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On June 22, 2016 the PanSTARRS project discovered a 19 mag comet in the constellation Draco. Additional observations of comet C/2016 M1 (PanSTARRS) showed a 10" coma of total magnitude 18.5 and a 12" tail in p.a. 180°. The comet will pass perihelion in August 2018, expected to peak at 9 mag (IAUC 4286 / MPEC 2016-N14). It will be brighter than 16.0 mag between April 2017 and the end of 2019. It will switch from the morning to the evening sky in December 2017 and should be observable for mid-European observers until the opening of June 2018 (then at 9 mag). During this period it will move through the constellations Draco, Hercules, Ophiuchus, Serpens, Aquila and Sagittarius.
Based on 316 observations from 34 observers the comet showed an average brightness development pre-perihelion, but a very slow decrease post-perihelion, mainly caused by an eight week long phase of slightly enhanced activity around the turn of the years 2018/19. The brightness peaked at 8.6 mag around July 1, 2018. The appropriate formulae are:pre-perihelion: m = 3.1 mag + 5×log D + 13.8×log r post-perihelion: m = 6.5 mag + 5×log D + 4.5×log r
The apparent coma diameter remained constant at 0.6' until April 2018, thereafter increasing rapidly to the maximum value of 6', which was hold between mid-May and the start of August. Until October 2018 it decreased uniformly to 2.5' (primarily because of the then increasing distance Earth – comet), but surprisingly started to increase again thereafter (despite an increase in the distance Earth – comet), reaching 3.5' in mid-January 2019. At the end of April it measured 1.5'.Total Brightness and Coma Diameter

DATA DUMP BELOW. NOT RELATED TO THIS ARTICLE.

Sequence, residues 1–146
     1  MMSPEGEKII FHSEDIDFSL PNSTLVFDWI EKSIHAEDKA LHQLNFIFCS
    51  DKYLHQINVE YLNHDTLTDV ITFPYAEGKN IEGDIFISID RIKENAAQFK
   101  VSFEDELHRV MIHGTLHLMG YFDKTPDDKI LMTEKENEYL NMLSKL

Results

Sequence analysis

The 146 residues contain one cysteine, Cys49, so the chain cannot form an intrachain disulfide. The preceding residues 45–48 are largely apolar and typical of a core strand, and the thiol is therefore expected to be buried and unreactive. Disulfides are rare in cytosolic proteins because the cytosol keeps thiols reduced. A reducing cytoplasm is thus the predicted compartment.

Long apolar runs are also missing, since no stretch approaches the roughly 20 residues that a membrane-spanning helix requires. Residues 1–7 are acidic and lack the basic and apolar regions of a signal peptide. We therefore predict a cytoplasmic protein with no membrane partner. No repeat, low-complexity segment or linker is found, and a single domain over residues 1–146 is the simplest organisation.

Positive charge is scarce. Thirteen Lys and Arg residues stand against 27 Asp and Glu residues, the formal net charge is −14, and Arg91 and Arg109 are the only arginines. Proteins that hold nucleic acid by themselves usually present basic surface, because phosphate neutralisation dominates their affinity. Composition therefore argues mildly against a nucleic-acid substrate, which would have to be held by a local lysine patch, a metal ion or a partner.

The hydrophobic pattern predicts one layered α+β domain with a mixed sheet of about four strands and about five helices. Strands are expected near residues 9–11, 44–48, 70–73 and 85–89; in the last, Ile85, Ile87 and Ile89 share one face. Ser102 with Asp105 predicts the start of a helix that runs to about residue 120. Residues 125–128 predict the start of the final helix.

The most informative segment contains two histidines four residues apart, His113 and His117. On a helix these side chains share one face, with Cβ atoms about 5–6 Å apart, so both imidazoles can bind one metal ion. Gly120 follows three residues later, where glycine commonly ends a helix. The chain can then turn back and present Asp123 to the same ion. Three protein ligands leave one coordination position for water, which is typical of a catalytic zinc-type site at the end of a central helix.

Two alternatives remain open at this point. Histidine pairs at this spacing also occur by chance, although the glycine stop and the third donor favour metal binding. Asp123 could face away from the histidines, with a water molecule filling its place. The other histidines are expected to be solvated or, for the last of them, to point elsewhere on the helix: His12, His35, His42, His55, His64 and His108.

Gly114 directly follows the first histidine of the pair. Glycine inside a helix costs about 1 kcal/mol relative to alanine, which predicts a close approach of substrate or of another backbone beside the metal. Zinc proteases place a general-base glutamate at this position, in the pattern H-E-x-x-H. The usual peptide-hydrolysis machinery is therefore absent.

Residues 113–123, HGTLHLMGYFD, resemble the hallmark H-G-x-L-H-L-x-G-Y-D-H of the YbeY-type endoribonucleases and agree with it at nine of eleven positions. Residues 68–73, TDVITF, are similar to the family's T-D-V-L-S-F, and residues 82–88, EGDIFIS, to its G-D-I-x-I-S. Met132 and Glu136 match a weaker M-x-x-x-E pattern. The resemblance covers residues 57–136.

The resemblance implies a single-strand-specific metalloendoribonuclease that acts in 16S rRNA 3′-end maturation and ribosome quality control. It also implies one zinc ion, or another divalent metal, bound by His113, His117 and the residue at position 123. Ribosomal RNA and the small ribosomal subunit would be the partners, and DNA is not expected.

During the first months the absolute coma diameter was constant at 130.000 km, thereafter increasing rapidly, reaching a first maximum of 425.000 km at the end of July 2018. Until the start of October it decreased to 270.000 km, but astonishingly showed another increase thereafter, reaching 525.000 km in mid-January 2019. At the end of April it measured 225.000 km. Throughout the apparition the coma was significantly condensed. In 2017 the observers reported a degree of condensation of DC 3. At the beginning of 2018 the DC began to increase, reaching DC 5-6 at the opening of September 2018. Thereafter it decreased, reaching DC 3-4 in October 2018 and DC 3 at the end of April 2019. Between mid-June and mid-August 2018 a tail could be observed visually, reaching a maximum length of 7' (2.5 Mio. km) and pointing northward.